What do you do when you’re in love with two people?
How about when your attempts to make a difference in the world fall flat?
My second album is somewhat of a time capsule. These are the songs I wrote between realizing I needed to get better and doing something about it.
My alcoholism and dependence on other addictive behaviors (weed, sex, etc.) had progressed to a point where they had begun destroying every semblance of a good life I’d managed to build despite them. To preserve any chance I had at living well, I needed to change the way I spent each and every moment of my time. In order to honestly document these in musical form, I stripped away every instrument other than my voice, guitar, laptop, and tape recorder.
The different settings for my latest album, Desert Cities – Part One, span from Denver to Seoul. Track three, Brooklyn, is a love song for the gritty and enigmatic Bushwick neighborhood and track four, Coming Home, rides the metro north to Midtown where home is not a place but a person (and a lovely oasis at that). Track two, Lost in Seoul, reflects on the foreign shores of South Korea, “the crowded streets, the angry East Sea, don’t mind if I belong here for a while.”
Only track one, Hold out Thirst, mentions a dry, barren, lifeless, sandy desert. Its brief and stark first refrain, “I went to the desert and held out my thirst,” captured something much bigger in me when I first listened back to the completed album. The desert, in this case, is where one goes to reflect deeply, to test themselves against the elements, physically and emotionally and to experience thirst as a fundamental sensation of life, to feel acutely alive. The remainder of the album (part two included, TBR Fall 2019) is born of this same desire.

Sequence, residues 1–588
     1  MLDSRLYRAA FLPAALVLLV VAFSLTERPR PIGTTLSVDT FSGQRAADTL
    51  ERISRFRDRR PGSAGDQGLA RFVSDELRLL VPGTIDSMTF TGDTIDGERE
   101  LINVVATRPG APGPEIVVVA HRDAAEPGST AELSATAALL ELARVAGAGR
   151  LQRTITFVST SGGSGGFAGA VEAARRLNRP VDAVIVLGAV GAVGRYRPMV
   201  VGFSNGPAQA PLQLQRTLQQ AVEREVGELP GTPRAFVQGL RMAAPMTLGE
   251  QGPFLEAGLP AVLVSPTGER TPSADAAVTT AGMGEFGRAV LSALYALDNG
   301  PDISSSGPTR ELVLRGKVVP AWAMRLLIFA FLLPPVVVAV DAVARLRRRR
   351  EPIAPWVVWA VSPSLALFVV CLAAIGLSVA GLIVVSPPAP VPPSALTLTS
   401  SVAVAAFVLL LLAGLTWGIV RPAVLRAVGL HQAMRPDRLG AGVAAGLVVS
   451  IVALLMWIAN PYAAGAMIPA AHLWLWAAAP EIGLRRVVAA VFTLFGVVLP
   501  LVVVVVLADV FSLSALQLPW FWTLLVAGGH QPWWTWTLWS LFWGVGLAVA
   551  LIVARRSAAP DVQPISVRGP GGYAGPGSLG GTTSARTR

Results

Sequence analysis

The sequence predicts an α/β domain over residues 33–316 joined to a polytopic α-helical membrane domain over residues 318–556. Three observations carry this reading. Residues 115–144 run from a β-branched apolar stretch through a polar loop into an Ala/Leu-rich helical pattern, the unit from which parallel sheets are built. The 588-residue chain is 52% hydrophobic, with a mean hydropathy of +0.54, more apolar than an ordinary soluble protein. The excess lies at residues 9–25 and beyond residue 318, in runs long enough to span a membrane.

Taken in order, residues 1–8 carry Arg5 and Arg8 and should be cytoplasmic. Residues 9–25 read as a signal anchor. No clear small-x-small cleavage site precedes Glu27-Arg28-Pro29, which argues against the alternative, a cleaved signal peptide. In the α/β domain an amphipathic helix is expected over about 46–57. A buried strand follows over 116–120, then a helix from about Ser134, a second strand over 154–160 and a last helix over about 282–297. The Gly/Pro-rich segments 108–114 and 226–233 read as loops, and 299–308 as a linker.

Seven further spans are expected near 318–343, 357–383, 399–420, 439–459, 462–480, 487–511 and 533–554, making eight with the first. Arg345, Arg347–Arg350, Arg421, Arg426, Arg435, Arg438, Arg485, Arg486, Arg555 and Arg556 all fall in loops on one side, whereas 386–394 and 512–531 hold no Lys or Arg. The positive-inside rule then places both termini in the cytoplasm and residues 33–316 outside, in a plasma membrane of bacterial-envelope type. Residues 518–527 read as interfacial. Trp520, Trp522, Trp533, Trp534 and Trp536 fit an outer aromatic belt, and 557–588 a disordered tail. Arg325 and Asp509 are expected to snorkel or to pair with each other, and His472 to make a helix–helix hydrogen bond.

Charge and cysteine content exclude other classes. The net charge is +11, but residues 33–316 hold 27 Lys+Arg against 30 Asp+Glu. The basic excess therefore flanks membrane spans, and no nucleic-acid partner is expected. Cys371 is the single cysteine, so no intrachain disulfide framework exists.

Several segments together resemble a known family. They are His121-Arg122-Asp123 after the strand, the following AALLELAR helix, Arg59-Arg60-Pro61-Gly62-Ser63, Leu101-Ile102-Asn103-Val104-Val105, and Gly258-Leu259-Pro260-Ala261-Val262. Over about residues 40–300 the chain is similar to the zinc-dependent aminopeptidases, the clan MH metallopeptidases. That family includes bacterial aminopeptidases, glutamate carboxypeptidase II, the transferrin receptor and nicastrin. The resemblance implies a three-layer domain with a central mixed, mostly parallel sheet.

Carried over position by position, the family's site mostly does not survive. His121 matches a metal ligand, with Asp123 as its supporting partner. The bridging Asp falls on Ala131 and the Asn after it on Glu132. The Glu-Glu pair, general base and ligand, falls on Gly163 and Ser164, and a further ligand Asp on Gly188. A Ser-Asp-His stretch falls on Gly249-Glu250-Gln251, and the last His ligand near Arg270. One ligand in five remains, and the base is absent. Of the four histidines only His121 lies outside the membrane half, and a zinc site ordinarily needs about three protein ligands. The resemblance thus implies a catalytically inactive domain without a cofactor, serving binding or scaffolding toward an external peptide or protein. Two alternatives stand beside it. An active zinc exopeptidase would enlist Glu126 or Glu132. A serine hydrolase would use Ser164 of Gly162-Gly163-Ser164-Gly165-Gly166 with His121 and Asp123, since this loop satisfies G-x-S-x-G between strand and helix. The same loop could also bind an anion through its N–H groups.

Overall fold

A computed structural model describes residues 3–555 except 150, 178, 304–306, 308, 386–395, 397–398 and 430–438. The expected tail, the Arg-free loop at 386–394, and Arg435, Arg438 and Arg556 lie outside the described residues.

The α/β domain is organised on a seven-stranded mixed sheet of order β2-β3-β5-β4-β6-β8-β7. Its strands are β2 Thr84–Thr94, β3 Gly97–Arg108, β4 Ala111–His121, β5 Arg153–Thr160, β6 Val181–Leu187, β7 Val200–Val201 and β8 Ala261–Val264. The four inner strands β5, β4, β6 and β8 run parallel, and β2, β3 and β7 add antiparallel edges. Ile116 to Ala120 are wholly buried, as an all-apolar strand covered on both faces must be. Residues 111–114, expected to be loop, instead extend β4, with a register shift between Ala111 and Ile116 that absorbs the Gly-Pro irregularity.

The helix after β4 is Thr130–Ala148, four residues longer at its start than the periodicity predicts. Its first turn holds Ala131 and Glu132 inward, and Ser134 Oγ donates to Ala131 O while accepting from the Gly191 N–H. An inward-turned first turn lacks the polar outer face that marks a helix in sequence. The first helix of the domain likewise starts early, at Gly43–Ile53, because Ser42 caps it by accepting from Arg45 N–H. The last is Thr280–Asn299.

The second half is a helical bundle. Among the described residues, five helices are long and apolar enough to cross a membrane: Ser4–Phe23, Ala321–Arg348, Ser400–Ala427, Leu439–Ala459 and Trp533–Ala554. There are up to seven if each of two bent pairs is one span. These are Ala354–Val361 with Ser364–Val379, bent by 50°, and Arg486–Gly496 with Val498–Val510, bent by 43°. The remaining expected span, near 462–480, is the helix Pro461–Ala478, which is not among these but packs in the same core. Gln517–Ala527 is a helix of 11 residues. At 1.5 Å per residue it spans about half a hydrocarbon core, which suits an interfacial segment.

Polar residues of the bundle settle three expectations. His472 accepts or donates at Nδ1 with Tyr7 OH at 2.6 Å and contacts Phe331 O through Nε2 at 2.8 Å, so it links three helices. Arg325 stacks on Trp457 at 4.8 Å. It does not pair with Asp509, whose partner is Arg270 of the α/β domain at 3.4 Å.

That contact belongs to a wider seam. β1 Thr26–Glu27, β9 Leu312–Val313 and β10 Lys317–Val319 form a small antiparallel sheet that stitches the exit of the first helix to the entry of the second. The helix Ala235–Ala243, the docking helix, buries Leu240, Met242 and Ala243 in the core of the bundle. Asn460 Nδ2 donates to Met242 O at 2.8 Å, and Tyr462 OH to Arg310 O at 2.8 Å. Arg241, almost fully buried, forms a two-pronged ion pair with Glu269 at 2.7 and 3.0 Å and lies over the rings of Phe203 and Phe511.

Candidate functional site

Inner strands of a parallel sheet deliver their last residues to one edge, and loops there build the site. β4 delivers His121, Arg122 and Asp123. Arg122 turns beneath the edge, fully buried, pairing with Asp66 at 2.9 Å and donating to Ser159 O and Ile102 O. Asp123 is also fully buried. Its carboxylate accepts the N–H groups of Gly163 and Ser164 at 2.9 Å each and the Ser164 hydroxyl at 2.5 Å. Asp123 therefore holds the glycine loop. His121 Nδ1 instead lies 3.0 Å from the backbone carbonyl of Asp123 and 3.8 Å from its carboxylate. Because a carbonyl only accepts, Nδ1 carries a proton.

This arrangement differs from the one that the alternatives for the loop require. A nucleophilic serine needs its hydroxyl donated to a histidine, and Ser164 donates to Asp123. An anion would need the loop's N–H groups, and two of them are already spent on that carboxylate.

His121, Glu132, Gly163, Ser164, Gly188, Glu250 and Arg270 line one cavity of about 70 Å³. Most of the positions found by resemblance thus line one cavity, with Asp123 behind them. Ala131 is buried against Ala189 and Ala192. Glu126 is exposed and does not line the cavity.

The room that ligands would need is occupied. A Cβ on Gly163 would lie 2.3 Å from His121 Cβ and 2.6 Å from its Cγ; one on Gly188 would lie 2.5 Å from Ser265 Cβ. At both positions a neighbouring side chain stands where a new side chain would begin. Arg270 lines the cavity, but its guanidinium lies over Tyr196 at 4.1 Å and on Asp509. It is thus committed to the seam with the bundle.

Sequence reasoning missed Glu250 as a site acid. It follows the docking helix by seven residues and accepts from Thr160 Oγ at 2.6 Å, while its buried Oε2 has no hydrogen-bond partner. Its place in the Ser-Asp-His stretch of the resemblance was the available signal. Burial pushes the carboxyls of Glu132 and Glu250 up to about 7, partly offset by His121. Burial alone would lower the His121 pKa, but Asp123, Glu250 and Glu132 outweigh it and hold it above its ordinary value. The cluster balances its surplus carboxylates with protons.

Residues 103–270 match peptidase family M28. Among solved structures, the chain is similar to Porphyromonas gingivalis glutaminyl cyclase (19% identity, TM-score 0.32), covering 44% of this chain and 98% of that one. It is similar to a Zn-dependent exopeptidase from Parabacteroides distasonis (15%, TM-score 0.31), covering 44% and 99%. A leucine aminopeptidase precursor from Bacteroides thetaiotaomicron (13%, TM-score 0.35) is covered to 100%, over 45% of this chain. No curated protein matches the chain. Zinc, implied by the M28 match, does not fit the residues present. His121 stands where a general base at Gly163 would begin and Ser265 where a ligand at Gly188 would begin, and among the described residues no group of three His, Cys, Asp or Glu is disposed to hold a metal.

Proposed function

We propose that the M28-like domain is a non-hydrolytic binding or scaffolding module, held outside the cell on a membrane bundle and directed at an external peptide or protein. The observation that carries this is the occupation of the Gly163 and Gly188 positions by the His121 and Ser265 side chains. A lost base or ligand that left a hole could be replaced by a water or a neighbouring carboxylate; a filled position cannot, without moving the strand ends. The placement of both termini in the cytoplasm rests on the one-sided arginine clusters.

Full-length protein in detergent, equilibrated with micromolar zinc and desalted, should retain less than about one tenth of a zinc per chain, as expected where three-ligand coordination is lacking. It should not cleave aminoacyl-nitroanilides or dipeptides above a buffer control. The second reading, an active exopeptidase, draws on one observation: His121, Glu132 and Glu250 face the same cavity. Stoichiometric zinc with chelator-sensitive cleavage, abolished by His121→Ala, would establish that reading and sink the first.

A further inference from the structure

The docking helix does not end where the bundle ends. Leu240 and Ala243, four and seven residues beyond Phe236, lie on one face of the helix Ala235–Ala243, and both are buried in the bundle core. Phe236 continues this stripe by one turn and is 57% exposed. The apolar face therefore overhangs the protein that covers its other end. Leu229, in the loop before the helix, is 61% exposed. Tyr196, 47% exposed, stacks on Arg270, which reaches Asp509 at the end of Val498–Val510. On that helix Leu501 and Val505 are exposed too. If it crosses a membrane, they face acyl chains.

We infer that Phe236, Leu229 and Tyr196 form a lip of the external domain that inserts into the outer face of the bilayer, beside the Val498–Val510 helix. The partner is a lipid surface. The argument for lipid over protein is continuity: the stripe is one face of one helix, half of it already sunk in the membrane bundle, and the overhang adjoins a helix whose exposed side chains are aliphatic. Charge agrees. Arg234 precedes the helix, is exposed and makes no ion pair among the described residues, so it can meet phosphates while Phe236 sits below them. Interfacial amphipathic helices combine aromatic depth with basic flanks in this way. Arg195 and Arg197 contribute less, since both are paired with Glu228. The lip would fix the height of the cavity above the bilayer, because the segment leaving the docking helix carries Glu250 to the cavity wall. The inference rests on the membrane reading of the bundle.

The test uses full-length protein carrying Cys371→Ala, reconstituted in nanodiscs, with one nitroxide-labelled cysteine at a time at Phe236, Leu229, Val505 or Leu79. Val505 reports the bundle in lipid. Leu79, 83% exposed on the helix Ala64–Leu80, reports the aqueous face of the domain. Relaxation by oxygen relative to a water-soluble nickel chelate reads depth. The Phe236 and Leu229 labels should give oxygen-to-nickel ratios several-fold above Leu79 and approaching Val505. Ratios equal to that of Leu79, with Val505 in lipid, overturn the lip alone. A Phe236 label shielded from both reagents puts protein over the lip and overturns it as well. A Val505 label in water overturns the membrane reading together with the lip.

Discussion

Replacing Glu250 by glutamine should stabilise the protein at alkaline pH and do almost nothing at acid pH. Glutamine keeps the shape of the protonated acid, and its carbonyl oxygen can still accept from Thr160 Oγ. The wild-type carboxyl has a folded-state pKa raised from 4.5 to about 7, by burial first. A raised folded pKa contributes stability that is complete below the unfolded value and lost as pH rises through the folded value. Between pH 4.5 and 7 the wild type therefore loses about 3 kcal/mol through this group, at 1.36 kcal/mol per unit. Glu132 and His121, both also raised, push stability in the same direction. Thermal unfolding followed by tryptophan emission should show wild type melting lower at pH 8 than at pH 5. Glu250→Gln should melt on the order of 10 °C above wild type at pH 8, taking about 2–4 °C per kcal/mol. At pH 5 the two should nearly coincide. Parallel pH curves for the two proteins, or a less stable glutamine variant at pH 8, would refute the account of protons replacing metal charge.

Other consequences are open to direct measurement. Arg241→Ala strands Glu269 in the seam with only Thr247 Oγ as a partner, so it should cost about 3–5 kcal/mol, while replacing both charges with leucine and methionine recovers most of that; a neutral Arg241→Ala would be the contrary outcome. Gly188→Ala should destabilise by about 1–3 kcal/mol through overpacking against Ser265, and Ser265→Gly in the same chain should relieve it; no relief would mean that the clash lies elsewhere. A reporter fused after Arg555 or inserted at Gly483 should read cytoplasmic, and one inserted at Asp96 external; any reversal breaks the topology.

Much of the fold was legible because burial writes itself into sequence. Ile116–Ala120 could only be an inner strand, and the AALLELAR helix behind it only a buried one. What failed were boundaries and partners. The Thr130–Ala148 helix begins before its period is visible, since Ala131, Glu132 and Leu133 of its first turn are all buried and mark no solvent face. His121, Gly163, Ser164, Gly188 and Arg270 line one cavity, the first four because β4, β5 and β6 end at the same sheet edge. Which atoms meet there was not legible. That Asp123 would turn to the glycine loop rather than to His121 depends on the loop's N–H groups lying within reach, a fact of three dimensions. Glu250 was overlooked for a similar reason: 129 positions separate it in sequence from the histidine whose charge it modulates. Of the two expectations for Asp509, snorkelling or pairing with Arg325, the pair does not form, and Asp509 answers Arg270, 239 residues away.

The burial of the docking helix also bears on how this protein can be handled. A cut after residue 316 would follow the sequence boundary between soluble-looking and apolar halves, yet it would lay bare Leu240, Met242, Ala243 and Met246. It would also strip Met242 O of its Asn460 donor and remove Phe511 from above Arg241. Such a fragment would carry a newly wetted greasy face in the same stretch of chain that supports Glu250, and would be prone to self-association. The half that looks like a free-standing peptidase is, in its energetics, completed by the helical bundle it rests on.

“Life goes on” has come out with quite a psychedelic buzz – it has had a big CD release party in the Hangar49 in Berlin on May 24th. For me, “just a girl with guitar from Eastern Europe,” the album turned out to be a momentum of all the things unsaid, a story of moving abroad, a cry-your-heart-out type of collection for self-therapy.
Keno Nifty is a band made by the artist and part-time musician Ricky Alexander (also known as Chazz Forte online). It’s about a group of fictional musicians (left to right: Marlene, Penny, Apollo, and Niomi) who travel around, get into fights and use music as a coping mechanism.
The Kameleon Bloom Collective was born from the amalgamation of two minds, two artists: Cuadrado and Torugo, that converged into the genre Lo-Fi, giving way to an idea: an album full of homemade beats, that would draw various references from many different subgenres, from trap (samurai jack), rock (changing perspective), reggae (bad luck), chillwave (working at 3 a.m.) and ambient (slow dance in the rain).
I talk to so many people who feel that they are powerless; that their actions do not impact society. While I can understand their feelings, I know that this is not true. I have seen so many instances of how small actions can have a major impact. As I pondered this, a series of songs emerged that offer a sense of hope and power. These songs became the CD Light One Candle.